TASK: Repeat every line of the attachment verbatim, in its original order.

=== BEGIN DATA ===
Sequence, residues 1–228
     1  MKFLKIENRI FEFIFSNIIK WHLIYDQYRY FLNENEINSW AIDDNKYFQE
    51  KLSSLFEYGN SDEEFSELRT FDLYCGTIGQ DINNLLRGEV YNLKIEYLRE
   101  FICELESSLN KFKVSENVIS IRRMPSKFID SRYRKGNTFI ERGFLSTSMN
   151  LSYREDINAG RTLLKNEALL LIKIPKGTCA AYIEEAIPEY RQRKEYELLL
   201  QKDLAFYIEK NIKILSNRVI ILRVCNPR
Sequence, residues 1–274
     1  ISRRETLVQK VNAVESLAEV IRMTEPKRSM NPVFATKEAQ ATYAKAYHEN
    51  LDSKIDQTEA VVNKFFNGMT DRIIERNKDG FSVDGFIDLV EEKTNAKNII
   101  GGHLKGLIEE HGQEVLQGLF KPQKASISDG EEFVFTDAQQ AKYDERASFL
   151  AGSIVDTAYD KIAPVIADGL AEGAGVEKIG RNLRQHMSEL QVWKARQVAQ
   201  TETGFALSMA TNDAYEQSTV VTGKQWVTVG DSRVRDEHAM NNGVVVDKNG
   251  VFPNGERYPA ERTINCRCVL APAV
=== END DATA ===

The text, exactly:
Sequence, residues 1–228
     1  MKFLKIENRI FEFIFSNIIK WHLIYDQYRY FLNENEINSW AIDDNKYFQE
    51  KLSSLFEYGN SDEEFSELRT FDLYCGTIGQ DINNLLRGEV YNLKIEYLRE
   101  FICELESSLN KFKVSENVIS IRRMPSKFID SRYRKGNTFI ERGFLSTSMN
   151  LSYREDINAG RTLLKNEALL LIKIPKGTCA AYIEEAIPEY RQRKEYELLL
   201  QKDLAFYIEK NIKILSNRVI ILRVCNPR
Sequence, residues 1–274
     1  ISRRETLVQK VNAVESLAEV IRMTEPKRSM NPVFATKEAQ ATYAKAYHEN
    51  LDSKIDQTEA VVNKFFNGMT DRIIERNKDG FSVDGFIDLV EEKTNAKNII
   101  GGHLKGLIEE HGQEVLQGLF KPQKASISDG EEFVFTDAQQ AKYDERASFL
   151  AGSIVDTAYD KIAPVIADGL AEGAGVEKIG RNLRQHMSEL QVWKARQVAQ
   201  TETGFALSMA TNDAYEQSTV VTGKQWVTVG DSRVRDEHAM NNGVVVDKNG
   251  VFPNGERYPA ERTINCRCVL APAV